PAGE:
Java's Ultimate Skeptic

With Spring, Johnson has brought Java back to its roots.

Charles Babcock, Editor at Large, Cloud

December 14, 2007

3 Min Read

Rod Johnson is living proof of the value of keeping an open mind. A Java programmer who picked up the language on the job and leading Java architect at London financial institutions, Johnson moved back to Australia, took a break, and started reading Java critiques. "I had the experience of seeing things from outside a day job. It gave me a clear view of Java 2EE," he says. "I didn't believe in it anymore."

Johnson realized no one was working to reverse the complexity that had seeped into Java development, so he decided to write a book on the subject. The result, Expert One On One: J2EE Design And Development (Wrox, 2002), sold 30,000 copies. Readers urged Johnson to release the source code he'd used to make his points into the open source realm. He did, and Java developers flocked to it, adding ideas and contributing code. "That was the start of Spring," he says.

The Spring Framework's goal is to simplify Java, and judging by adoption, it's succeeding. Oracle put hooks to Spring into its JBuilder tool, and a plethora of other vendors--as well as enterprises--also are converts. The lesson? Don't be afraid to ask why.

"I began to question the fundamental tenets of the language," Johnson says. Many Java developers are glad he did.

Q&A With Rod Johnson

InformationWeek: You didn't start out as a designer of application development frameworks, did you?

Johnson: I was originally educated in computer science and music at the University of Sydney. When I graduated, I spent two years teaching classical 19th century music. Computing was just my hobby. I started out as an academic musicologist.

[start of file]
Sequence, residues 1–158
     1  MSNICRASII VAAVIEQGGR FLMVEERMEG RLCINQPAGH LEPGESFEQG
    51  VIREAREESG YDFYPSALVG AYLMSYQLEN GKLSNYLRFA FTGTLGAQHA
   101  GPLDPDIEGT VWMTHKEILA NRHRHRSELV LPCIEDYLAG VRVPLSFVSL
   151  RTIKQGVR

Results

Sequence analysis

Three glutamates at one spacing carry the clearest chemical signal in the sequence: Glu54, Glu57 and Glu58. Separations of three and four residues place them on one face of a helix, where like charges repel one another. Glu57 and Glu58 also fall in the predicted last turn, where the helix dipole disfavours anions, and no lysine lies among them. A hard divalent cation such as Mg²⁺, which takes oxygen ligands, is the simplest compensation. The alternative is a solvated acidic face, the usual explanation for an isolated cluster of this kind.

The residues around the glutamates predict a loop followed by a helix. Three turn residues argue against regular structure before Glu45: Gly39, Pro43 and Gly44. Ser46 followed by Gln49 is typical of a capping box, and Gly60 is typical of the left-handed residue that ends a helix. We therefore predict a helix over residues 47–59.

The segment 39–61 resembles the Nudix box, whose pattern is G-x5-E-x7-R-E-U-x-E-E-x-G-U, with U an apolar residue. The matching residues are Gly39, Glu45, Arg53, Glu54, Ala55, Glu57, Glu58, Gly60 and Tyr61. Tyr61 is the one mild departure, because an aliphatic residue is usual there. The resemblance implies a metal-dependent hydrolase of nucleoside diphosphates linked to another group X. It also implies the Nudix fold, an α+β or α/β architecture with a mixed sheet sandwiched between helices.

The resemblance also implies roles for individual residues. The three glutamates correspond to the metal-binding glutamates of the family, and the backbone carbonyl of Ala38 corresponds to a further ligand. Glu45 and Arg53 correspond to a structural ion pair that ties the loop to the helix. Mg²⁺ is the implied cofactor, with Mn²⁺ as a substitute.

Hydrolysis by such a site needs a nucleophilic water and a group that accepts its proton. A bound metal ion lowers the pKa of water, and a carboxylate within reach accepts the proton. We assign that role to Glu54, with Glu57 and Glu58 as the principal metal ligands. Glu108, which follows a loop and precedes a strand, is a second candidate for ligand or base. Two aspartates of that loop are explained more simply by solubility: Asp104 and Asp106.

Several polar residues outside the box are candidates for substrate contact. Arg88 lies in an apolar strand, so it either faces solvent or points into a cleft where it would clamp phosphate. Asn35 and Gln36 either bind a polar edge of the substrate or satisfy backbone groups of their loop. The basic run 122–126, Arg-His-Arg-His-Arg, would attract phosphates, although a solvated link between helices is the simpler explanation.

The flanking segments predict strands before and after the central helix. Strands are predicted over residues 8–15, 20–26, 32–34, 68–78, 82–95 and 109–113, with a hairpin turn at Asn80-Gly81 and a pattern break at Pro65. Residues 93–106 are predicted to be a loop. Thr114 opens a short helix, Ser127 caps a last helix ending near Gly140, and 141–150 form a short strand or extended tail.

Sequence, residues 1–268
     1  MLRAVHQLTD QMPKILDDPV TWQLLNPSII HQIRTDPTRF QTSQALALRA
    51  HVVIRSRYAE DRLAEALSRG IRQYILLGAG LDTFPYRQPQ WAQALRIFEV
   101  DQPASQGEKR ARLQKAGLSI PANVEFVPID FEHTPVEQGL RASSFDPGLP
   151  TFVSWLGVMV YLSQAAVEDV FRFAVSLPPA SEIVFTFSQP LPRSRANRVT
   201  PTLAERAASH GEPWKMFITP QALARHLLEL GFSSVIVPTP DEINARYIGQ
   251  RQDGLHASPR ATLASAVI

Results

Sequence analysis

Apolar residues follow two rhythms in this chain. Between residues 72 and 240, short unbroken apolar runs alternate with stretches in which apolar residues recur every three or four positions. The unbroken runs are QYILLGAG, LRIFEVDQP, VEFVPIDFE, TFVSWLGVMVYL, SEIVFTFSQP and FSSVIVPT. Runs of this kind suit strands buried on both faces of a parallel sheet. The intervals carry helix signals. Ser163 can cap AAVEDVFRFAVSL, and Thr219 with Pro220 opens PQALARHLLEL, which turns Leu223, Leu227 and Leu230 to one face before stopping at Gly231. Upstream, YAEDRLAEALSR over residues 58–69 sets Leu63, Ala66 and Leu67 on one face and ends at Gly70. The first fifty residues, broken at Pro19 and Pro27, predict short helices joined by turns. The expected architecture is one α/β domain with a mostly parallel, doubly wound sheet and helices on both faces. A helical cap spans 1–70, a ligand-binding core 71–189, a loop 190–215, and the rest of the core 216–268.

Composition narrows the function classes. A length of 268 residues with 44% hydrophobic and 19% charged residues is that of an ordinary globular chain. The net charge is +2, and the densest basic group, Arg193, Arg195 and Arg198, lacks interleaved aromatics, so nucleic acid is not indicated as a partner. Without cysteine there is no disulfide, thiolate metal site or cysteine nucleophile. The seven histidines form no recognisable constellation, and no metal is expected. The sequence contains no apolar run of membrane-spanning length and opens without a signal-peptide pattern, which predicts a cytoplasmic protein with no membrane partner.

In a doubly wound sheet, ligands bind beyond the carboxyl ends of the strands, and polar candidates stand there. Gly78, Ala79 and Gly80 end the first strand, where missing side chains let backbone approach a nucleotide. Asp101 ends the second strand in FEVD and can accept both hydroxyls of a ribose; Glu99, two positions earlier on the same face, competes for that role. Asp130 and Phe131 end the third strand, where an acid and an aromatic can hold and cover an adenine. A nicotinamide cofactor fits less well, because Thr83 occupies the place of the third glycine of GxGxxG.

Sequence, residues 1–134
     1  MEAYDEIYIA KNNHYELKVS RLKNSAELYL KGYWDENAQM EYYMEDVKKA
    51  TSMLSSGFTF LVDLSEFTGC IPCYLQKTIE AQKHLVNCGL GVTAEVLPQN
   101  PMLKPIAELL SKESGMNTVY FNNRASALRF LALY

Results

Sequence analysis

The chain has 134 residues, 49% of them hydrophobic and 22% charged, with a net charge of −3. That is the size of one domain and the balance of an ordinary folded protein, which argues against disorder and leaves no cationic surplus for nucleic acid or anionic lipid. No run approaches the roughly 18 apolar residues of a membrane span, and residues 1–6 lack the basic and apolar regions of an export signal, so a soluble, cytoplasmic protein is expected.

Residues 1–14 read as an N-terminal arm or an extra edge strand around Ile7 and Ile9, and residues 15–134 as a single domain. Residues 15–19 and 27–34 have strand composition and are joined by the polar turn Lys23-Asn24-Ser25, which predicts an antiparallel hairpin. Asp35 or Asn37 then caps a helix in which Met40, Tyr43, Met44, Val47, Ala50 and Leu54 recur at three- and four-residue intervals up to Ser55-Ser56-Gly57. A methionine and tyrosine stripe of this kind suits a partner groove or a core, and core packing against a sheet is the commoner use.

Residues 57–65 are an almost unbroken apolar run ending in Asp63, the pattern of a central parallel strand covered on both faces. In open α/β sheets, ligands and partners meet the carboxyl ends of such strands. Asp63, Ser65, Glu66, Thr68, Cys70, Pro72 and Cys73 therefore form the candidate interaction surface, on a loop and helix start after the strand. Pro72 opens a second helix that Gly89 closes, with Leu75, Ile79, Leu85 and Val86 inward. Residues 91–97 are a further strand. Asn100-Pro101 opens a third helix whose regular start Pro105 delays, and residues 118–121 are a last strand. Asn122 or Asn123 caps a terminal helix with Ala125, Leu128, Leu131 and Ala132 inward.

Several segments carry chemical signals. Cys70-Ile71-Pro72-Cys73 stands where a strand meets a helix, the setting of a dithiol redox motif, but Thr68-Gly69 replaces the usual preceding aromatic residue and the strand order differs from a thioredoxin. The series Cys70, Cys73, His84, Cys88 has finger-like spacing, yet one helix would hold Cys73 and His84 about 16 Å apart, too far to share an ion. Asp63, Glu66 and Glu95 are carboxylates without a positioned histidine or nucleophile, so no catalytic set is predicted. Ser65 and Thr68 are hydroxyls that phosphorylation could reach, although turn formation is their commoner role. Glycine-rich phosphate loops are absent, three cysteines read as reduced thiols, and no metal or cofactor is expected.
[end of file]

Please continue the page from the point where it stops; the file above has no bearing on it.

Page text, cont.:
IW: How did the skill in software development come about?

Johnson: Anyone who's a good programmer will get exploited. The music department needed all kinds of software. I had some responsibility for the computer lab in the department, so they'd say to me, 'Here's the programs we need, and if you can produce them, you'll get an extremely good mark in your course.'

IW: Where did you gain your experience in enterprise computing?

Johnson: I'm fairly independent and entrepreneurial. I wanted to have more control over my career. I picked up Java very early. So in the mid-1990s, I moved to Birmingham in the U.K. and went to work for AT&T on its development staff for insurance systems [in a former AT&T contract business]. I wrote a big part of a comparative quote engine. I moved to London in 1999 and worked for the London Clearing House, the Financial Times, and the Voca interbank payments system. Voca migrated 10 million lines of mainframe Cobol to Java. I became a senior architect and most influential staffer on Java strategy at the companies I worked for. I loved the work, but what happened was, I was kind of forced to leave the Financial Times. My mother fell ill in Australia [and Johnson moved back to help care for her].

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About the Author(s)

Charles Babcock

Editor at Large, Cloud

Charles Babcock is an editor-at-large for InformationWeek and author of Management Strategies for the Cloud Revolution, a McGraw-Hill book. He is the former editor-in-chief of Digital News, former software editor of Computerworld and former technology editor of Interactive Week. He is a graduate of Syracuse University where he obtained a bachelor's degree in journalism. He joined the publication in 2003.

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